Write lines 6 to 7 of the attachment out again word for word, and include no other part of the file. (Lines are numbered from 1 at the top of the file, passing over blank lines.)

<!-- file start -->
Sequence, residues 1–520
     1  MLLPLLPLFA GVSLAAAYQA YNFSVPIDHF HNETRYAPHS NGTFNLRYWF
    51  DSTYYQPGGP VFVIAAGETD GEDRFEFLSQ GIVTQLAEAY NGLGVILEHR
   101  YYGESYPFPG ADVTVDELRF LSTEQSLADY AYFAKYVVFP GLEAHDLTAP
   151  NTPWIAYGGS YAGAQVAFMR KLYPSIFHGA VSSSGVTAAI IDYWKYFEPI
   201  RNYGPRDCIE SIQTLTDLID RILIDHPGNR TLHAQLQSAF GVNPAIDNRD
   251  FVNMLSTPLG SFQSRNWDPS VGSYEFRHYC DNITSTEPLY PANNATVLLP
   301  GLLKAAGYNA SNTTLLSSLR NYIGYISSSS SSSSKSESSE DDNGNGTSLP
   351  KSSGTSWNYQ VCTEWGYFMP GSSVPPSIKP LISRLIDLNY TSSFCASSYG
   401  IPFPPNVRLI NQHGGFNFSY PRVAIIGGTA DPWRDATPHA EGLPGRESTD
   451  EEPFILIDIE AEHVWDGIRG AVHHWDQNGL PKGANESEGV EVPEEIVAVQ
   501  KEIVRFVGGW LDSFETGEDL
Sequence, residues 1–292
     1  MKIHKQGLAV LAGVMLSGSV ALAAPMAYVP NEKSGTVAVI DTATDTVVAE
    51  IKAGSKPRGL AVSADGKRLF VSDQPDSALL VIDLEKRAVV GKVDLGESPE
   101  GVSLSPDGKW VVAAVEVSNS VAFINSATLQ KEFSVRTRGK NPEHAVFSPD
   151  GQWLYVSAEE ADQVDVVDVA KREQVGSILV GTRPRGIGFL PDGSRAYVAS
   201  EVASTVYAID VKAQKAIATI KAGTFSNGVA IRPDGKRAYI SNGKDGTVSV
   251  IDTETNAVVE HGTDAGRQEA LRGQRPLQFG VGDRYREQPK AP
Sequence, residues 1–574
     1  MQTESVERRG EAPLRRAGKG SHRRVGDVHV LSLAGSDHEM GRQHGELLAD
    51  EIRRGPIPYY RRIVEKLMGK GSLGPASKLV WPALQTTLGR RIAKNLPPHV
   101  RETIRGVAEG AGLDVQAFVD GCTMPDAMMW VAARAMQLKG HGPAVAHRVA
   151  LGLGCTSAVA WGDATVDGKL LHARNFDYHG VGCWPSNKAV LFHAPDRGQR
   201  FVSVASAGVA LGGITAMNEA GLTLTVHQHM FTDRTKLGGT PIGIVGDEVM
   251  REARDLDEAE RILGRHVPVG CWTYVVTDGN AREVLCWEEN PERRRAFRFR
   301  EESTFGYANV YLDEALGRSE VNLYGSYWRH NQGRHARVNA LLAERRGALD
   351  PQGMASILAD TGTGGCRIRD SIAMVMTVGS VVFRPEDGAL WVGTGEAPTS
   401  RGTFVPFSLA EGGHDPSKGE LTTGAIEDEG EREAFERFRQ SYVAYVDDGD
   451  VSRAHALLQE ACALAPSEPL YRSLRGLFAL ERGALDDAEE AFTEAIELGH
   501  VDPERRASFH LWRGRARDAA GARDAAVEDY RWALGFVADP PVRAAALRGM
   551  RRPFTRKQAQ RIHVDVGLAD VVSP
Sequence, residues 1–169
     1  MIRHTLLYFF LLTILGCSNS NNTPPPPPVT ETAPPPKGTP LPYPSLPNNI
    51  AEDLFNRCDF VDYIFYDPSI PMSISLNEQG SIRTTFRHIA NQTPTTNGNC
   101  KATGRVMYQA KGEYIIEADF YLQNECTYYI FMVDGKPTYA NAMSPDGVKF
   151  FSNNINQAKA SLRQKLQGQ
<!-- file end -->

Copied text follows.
   201  RNYGPRDCIE SIQTLTDLID RILIDHPGNR TLHAQLQSAF GVNPAIDNRD
   251  FVNMLSTPLG SFQSRNWDPS VGSYEFRHYC DNITSTEPLY PANNATVLLP